Bioluminescent imaging of melanoma in live mice.
ABSTRACT Melanoma is highly resistant to conventional chemotherapeutic agents and novel therapeutic approaches are needed. Current animal models of melanoma in animals are sub-optimal. The most commonly used homograft model is the B16 mouse melanoma. Evaluation of potential melanoma therapies with this model is limited by the inaccuracy of caliper measurement of subcutaneous tumors, of counting lung nodules in metastasis models, and the indirect nature of "survival" curves when studying brain metastases. We have developed and characterized an accurate, sensitive, and reproducible bioluminescent B16 melanoma model that allows for serial, real-time analyses of tumor burden in live mice. We demonstrate that this model is applicable to subcutaneous tumors, lung metastases, and intracranial tumors and offers a solution to many of the limitations of previous models. As proof of principle, we use this model to show the efficacy of a live, Listeria monocytogenes vaccine expressing the melanoma antigen tyrosinase-related protein-2 to protect mice against intravenous B16 melanoma challenge. Additionally, we extend our approach to include the human A375 melanoma model and are able to show in vivo differences between sub-lines with varying metastatic potential. These models represent an accurate and reproducible means for in vivo melanoma monitoring in preclinical studies.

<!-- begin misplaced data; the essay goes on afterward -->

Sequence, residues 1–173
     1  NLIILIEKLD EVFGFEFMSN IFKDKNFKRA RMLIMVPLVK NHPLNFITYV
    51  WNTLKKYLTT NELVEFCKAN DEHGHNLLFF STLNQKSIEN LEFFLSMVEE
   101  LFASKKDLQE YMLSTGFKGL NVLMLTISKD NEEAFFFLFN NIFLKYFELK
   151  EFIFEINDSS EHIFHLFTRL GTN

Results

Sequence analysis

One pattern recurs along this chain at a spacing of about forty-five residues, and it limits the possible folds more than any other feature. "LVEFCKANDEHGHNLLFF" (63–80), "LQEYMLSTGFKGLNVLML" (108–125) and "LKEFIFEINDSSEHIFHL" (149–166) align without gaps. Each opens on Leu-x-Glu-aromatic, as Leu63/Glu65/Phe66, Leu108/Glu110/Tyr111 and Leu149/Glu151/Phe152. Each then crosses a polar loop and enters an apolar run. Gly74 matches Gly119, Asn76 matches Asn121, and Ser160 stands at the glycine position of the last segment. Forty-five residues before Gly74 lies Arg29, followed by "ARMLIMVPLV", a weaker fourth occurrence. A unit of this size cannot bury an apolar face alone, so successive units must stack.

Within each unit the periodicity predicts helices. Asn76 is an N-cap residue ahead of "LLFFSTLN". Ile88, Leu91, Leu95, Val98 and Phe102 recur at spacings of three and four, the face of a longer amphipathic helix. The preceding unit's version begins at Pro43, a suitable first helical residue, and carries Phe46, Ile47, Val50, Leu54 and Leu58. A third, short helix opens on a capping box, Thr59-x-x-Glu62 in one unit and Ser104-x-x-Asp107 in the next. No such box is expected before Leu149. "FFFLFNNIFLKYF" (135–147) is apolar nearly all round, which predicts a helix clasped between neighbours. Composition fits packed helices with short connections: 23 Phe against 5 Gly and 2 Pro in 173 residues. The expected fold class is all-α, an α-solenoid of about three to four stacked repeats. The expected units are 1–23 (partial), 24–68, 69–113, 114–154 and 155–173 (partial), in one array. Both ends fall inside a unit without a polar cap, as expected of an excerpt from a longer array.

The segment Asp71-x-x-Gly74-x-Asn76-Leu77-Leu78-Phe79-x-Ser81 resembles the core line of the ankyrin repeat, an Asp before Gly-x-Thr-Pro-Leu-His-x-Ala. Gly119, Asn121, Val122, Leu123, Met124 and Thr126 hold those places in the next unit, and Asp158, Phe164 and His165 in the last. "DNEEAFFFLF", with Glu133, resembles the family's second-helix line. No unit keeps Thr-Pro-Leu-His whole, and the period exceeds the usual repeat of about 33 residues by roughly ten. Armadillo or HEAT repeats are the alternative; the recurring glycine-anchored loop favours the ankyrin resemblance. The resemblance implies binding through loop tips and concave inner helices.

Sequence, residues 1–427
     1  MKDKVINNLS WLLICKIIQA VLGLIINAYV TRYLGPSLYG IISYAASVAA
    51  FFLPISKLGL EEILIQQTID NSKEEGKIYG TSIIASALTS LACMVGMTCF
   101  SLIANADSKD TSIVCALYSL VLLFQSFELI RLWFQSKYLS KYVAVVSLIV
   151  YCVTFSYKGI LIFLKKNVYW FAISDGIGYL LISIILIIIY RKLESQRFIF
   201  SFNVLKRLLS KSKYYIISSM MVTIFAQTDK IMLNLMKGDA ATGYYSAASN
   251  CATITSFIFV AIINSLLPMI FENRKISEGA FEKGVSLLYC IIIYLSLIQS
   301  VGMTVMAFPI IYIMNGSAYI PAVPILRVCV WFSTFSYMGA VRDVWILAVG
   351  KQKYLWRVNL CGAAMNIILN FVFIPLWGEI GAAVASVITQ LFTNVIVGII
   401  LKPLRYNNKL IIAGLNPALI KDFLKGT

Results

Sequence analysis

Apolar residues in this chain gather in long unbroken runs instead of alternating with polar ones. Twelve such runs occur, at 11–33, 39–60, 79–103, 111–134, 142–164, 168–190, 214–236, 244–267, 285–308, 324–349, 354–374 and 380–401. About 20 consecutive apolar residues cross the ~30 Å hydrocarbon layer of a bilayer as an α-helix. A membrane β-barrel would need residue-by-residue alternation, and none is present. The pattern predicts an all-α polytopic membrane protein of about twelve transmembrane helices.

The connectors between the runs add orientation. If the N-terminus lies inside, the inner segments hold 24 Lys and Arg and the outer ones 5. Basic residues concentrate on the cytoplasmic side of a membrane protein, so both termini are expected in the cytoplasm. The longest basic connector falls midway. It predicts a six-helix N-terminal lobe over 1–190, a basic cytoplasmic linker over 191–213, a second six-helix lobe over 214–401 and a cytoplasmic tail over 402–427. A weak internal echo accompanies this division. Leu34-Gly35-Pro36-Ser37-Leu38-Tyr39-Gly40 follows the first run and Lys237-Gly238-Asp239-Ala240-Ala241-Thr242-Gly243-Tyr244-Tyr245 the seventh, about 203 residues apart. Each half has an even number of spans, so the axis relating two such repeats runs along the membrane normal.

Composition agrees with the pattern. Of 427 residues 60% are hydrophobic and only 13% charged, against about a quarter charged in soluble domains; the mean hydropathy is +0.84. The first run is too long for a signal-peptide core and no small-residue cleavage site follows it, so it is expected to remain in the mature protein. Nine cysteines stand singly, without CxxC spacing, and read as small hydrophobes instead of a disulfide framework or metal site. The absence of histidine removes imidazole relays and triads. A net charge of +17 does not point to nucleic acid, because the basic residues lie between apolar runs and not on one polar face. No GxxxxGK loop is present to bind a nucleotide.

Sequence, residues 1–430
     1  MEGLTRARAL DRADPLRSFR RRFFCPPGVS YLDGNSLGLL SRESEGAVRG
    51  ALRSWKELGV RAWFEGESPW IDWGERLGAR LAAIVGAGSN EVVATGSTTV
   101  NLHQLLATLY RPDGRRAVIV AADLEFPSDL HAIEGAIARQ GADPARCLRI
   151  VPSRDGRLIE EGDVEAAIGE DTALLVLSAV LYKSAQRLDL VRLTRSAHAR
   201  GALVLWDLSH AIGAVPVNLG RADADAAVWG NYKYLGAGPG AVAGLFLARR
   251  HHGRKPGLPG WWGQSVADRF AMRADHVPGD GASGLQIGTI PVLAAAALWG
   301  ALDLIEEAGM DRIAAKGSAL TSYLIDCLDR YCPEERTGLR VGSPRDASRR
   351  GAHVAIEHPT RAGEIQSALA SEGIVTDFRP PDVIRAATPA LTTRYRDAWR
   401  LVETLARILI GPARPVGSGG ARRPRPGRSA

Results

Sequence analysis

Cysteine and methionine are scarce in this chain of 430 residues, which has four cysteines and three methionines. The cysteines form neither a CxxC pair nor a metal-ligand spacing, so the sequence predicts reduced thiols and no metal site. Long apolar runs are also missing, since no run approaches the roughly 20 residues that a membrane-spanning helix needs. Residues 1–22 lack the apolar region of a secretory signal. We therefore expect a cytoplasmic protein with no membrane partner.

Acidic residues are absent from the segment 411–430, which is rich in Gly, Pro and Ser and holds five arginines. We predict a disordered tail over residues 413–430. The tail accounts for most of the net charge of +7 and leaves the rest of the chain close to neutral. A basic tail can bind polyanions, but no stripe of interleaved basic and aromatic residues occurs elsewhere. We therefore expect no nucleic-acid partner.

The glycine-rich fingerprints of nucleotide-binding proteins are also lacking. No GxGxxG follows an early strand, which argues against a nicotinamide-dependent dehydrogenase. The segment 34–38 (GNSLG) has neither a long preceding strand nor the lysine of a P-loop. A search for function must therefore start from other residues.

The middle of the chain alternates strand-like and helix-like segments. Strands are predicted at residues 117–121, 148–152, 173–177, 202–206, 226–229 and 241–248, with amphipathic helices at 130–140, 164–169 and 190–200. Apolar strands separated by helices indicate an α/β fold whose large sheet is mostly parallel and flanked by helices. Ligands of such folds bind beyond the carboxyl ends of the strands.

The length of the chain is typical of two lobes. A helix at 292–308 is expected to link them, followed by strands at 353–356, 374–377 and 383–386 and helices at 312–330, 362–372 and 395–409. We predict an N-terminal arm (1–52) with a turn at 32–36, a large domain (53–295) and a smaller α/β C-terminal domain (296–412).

Article: Luciferase expression and bioluminescence does not affect tumor cell growth in vitro or in vivo.[show abstract] [hide abstract]
ABSTRACT: Live animal imaging is becoming an increasingly common technique for accurate and quantitative assessment of tumor burden over time. Bioluminescence imaging systems rely on a bioluminescent signal from tumor cells, typically generated from expression of the firefly luciferase gene. However, previous reports have suggested that either a high level of luciferase or the resultant light reaction produced upon addition of D-luciferin substrate can have a negative influence on tumor cell growth. To address this issue, we designed an expression vector that allows simultaneous fluorescence and luminescence imaging. Using fluorescence activated cell sorting (FACS), we generated clonal cell populations from a human breast cancer (MCF-7) and a mouse melanoma (B16-F10) cell line that stably expressed different levels of luciferase. We then compared the growth capabilities of these clones in vitro by MTT proliferation assay and in vivo by bioluminescence imaging of tumor growth in live mice. Surprisingly, we found that neither the amount of luciferase nor biophotonic activity was sufficient to inhibit tumor cell growth, in vitro or in vivo. These results suggest that luciferase toxicity is not a necessary consideration when designing bioluminescence experiments, and therefore our approach can be used to rapidly generate high levels of luciferase expression for sensitive imaging experiments.Molecular Cancer 01/2010; 9:299. · 3.99 Impact Factor